We were warned
06/25/2018 § 1 Comment
Don’t keep silent about climate change. While there are many important humanitarian and political issues to track, not to mention the many strands of change, creativity, controversy, and chicanery in the world of education, you can’t not pay attention to climate change, I don’t mean that it’s hard to ignore — alas, it’s all too tempting to think about something else. Even the most committed environmentalist is likely to have moments of grief and exhaustion.
No, what I mean is, it’s imperative that we track the main story about climate change — that it’s here, it’s now, and we are committed to increasing climate disruption. It’s measurably bad, and it’s going to get worse. That’s the story, and we each need to be saying something about it to someone at least weekly, if not daily. This is not just a story about climate. It’s also about social justice, peace and war, refugees, disease, and impoverishment.
It’s not like this is news, to anyone who has been paying attention.
It was 30 years ago this month that Dr. James Hanson asserted, in testimoney before Congress, that the “signal” of global warming was now discernible within the “noise” of natural variability. He was speaking out during a summer that brought unprecedented heat to most of the US. (That summer’s heat so unbearable, is now not in the top 20 hottest years in recorded history.) If you have not done so, I encourage you to read some of the coverage of Hanson’s testimony, and how it has held up in the years since.
The bottom line is that Hanson’s analysis and predictions for the next 30 years (that’s us!) were remarkably accurate (you can start here, where you’ll find a link to a short video story from Yale Climate Connection, and here in the NY Times). I remember very well how the “skeptics” who joined a massive disinformation campaign about climate change dismissed the warnings because they were just the products of models — but Hanson and his peers and colleagues built those models on facts, and the models in turn led to an avalanche of research in the years since. We can say with much confidence that this is how the world is working. The sea level is rising faster and faster; temperature and preciptiation extremes are coming faster and faster. We are likely now committed to the catastrophic melting of major ice sheets — and those are just a few of the developments now under way, with living things (including Homo sapiens) drawn in tow — coping, or not coping.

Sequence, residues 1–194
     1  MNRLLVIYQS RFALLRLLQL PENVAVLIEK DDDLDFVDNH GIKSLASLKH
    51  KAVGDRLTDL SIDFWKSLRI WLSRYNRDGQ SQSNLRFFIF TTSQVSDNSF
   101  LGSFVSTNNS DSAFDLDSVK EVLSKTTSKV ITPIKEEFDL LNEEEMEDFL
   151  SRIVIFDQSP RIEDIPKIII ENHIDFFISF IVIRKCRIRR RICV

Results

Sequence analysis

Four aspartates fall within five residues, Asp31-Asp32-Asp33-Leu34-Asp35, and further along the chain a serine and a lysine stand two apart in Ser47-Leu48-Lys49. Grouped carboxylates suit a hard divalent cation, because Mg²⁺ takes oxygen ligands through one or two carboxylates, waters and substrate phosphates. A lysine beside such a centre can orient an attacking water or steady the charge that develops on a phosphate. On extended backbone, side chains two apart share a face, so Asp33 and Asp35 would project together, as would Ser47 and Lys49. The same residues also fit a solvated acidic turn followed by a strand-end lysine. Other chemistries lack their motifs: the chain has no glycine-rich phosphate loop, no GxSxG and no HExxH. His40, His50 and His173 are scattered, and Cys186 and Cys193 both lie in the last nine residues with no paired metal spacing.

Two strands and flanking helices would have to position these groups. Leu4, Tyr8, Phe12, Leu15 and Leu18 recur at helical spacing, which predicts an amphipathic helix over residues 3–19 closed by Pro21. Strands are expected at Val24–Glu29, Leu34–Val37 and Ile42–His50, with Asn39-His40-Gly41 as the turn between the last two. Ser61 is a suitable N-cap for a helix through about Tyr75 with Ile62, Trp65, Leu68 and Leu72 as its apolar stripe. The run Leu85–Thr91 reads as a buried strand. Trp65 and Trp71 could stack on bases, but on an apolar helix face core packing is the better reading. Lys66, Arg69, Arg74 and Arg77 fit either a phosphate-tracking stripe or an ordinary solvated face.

Joe Romm, of Climate Progress, summed up the meaning of the anniversary thus:
We are running out of time for America to join the world in adopting the ever-stronger climate policies needed to avoid ruining our livable climates for centuries. If we fail to act, we can try to say to those suffering the consequences 30 years from now that it was politics that stopped us from doing the right thing. But we won’t be able to say weren’t warned.